How did Alex survive?
Aside from Dayo Igwe and MAYBE Morgan, nobody liked this guy. In fact, lots of people hated him. And that was BEFORE he accidentally destroyed his homeworld and got his entire species killed. His father ordered his assassination without the slightest hesitation. His voice didn’t even waver. When Papa Yu ordered the death of his son, he sounded like he was ordering a pizza.
Given his lack of popularity and the fact that he’s not the picture of physical fitness, how did he survive this ridiculous adventure when so many other, fitter, more charismatic people died?
Alex and His “Contingencies”
The game talks Alex up quite a bit. More than once you’ll hear people claim that “Alex always has contingencies!” This is one of those claims that is demonstrably true and untrue at the same time.
On one hand, he never wound up with a knife in his back. Given how many enemies he had among the crew and the incredible damage he inflicted on the world, he must have been playing some next-level 5-dimensional chess to outwit the endless onslaught of backstabs that were headed his way on a daily basis.
On the other hand… what fucking contingencies? The Typhon broke containment. Then they broke out of Psychotronics. Then they ran rampant across the station. Then they spread to Earth. And as far as we can tell, Alex never even slowed them down. He never had a plan for any of these situations, even though this is the FIRST THING he should have planned for, and he should have had multiple layers of backup plans.
That part where you had to fly around the station getting in slap-fights with Technopaths so you could scan the coral? Why was that a thing? If Alex’s special ability is “having contingencies”, then that shit should have been worked out weeks ago. The nullwave should have been humming away in his office, on his desk, hooked up to a great big glowing red button, ready to be pressed the moment someone in Psychotronics complained about strange noises in the ductwork.
Alex should have been able to single-handedly set off the nullwave long before the first mimic gave its captors the slip and found its way into the vents, which should have had mimic detectors in them. Because like… did Alex ever actually study the Typhon while he was supposedly studying the Typhon? Watch a mimic for twenty minutes and you’ll know what you need to do. “Okay, we need motion detectors and automated psychoscopes in all the vents. Like duh. Maybe some Typhon lures to draw them through the ducts and back into a different containment system?”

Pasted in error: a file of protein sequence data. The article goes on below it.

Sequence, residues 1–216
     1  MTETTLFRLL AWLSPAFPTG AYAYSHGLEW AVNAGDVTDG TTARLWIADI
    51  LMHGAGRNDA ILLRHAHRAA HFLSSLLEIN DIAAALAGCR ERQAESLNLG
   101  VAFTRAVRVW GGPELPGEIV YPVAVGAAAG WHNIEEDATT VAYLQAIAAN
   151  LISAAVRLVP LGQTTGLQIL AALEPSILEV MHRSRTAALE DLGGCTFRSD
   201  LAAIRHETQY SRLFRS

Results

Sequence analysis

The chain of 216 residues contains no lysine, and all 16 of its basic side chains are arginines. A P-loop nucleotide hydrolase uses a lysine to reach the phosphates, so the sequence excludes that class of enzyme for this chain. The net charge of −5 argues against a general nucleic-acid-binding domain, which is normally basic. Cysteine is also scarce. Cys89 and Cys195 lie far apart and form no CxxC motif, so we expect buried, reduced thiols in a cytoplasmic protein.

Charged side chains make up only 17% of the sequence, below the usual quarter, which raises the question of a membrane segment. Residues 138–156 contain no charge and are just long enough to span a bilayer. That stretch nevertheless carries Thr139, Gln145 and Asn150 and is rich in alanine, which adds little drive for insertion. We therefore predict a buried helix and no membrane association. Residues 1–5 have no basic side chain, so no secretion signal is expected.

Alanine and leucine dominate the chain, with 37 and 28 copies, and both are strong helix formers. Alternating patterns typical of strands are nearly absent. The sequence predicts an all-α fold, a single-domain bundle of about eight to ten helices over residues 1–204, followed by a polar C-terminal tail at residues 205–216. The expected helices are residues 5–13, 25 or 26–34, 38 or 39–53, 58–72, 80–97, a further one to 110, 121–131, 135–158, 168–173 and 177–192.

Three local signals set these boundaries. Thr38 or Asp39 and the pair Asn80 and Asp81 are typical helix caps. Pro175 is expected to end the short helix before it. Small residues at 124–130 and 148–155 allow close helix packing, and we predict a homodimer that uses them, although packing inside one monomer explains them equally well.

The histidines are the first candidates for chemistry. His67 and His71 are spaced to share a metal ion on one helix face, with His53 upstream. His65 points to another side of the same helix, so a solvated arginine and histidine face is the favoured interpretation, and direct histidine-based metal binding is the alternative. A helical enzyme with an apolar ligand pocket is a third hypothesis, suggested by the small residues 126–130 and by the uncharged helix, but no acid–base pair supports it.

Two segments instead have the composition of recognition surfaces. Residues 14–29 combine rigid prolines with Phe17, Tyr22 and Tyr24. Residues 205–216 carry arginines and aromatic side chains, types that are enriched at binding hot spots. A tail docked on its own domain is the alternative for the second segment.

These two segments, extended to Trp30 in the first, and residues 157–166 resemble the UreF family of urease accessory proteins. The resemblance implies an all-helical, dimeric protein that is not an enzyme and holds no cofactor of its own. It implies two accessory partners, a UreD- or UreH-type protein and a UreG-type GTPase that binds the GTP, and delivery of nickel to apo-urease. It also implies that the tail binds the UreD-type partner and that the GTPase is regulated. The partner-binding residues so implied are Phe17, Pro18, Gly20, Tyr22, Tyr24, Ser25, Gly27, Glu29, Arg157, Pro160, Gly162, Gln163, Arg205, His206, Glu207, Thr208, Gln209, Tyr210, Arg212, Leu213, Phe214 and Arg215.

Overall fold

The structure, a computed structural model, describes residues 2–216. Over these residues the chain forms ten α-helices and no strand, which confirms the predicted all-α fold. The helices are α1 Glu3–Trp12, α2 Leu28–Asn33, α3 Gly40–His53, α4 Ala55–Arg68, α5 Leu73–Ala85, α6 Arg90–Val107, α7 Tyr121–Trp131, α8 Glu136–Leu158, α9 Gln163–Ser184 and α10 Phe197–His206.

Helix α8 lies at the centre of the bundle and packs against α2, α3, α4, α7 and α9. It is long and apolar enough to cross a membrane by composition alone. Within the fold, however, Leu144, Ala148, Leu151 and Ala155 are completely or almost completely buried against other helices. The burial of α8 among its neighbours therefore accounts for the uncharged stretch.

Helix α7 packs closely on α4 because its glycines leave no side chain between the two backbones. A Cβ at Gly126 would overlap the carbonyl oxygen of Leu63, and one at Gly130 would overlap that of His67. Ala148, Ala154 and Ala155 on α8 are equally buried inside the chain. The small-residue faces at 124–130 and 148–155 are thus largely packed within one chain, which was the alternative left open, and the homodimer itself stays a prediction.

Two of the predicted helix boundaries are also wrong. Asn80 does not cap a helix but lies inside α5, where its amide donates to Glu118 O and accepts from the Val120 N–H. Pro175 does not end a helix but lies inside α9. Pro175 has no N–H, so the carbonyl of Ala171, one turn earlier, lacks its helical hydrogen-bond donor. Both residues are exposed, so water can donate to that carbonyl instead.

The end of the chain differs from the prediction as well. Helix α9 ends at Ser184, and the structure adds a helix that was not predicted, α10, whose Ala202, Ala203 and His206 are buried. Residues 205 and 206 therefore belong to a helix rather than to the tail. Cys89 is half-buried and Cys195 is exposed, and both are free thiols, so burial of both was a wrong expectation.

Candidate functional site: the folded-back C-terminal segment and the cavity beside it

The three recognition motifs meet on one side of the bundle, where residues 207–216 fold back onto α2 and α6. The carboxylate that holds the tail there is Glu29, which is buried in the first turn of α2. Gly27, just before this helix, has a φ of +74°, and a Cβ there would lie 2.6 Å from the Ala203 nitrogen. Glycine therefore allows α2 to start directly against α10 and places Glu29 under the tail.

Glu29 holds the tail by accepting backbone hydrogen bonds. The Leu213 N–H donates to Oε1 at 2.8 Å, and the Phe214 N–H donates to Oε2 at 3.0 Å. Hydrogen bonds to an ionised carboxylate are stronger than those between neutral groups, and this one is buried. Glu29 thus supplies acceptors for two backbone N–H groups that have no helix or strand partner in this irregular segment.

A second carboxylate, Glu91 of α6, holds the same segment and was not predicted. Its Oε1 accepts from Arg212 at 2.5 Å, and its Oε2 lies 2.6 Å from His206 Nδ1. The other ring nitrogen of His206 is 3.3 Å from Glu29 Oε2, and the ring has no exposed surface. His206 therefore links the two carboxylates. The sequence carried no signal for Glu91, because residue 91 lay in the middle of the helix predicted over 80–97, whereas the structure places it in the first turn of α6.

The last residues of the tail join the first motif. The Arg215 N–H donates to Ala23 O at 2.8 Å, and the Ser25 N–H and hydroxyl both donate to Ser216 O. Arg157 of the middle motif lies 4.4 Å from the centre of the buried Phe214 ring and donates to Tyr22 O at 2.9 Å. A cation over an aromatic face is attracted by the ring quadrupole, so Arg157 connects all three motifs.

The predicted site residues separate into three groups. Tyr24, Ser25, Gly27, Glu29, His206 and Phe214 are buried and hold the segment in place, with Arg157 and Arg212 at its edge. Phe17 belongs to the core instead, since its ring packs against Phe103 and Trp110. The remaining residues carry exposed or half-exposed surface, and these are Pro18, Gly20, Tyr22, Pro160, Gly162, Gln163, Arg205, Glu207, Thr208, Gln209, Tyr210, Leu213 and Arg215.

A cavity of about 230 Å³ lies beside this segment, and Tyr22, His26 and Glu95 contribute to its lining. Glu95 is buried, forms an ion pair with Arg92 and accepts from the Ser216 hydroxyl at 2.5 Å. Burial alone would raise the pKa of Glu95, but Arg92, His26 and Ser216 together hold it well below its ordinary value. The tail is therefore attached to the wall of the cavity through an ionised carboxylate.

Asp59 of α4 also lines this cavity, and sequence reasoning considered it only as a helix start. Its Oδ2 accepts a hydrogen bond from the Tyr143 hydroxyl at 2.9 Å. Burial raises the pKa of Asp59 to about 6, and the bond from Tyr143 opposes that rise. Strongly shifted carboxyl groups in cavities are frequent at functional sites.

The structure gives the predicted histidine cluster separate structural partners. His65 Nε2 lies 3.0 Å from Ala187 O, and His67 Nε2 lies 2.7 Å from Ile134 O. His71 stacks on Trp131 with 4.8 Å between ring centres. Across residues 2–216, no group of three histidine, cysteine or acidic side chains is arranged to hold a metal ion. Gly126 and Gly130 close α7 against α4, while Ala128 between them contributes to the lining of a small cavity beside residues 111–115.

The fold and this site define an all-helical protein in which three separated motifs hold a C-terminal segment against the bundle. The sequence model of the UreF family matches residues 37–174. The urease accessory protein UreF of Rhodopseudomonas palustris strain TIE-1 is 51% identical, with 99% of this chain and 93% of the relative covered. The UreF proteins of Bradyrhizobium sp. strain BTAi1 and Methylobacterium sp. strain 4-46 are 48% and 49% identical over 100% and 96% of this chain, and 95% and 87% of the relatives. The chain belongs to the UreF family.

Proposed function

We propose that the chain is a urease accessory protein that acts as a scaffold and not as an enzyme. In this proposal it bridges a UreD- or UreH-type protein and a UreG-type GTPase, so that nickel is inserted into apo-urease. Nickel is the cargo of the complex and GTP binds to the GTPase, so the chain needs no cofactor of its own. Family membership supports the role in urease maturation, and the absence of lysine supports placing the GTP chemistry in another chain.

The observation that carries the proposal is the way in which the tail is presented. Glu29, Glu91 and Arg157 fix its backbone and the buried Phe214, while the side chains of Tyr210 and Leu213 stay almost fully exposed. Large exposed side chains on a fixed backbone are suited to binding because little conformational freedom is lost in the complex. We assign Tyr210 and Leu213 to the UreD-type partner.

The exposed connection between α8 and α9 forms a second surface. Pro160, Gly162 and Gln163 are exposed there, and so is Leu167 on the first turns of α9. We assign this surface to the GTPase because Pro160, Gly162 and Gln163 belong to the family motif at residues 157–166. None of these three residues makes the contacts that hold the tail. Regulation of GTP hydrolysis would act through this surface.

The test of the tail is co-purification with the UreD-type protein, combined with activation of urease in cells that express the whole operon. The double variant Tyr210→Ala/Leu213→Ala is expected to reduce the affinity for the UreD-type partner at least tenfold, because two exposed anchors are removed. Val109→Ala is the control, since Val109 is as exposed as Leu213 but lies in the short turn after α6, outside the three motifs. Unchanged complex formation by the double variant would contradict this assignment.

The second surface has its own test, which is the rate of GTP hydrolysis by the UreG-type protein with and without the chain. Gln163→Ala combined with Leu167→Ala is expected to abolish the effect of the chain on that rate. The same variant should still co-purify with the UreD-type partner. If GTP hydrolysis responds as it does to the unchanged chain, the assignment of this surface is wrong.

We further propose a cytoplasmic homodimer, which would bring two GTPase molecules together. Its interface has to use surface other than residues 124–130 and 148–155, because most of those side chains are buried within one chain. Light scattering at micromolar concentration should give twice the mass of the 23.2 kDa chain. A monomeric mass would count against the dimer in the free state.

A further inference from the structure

And then after ten seconds of thinking about it Alex might add, “And by the way, Psychotronics ought to have its own self-contained HVAC system so a breach will just have the critters running laps in our vents and not escaping to the rest of the station.”
And then while some lackeys are rolling out the HVAC blueprints on a table and trying to figure out what needs to be changed, maybe Alex could start a brainstorming session, “Hey. What if we missed something and they get free anyway? They could tear through the ship pretty fast. Have you seen the tests Morgan has been running with the volunteers? Shit. One mimic in a crowded room can become fifty mimics in an empty room in under a minute. But hey, we have these robot printers all over the station. Could we print out swarms of gunbots in an emergency to slow the spread? Someone roll the dry-erase board over to me. I need to write this down.”
The only contingencies Alex was ever prepared for was making sure he didn’t miss lunch. Screw that guy.
That’s the ending of Prey. I don’t think it was horrible, but I do think it was frustratingly vague and underdeveloped. I’m glad the designers attempted to do something more interesting than an action-movie ending, but this final twist was marred in execution. Also, its status as an after-credits scene means the whole thing lacks conviction.
I really do love this game, so it really stings that the designers stumbled a bit here at the very end.
Next time I’ll end this series by talking about what I’d like to see the team do with the franchise in the future.
 Although here the execution is far better.
TitleWhat’s Inside Skinner’s Box?
What is a skinner box, how does it interact with neurotransmitters, and what does it have to do with shooting people in the face for rare loot?
Do It Again, Stupid
One of the highest-rated games of all time has some of the least interesting gameplay.
The Gradient of Plot Holes
Most stories have plot holes. The failure isn't that they exist, it's when you notice them while immersed in the story.
A screencap comic that poked fun at videogames and the industry. The comic has ended, but there's plenty of archives for you to binge on.
Starcraft: Bot Fight
Let's do some scripting to make the Starcraft AI fight itself, and see how smart it is. Or isn't.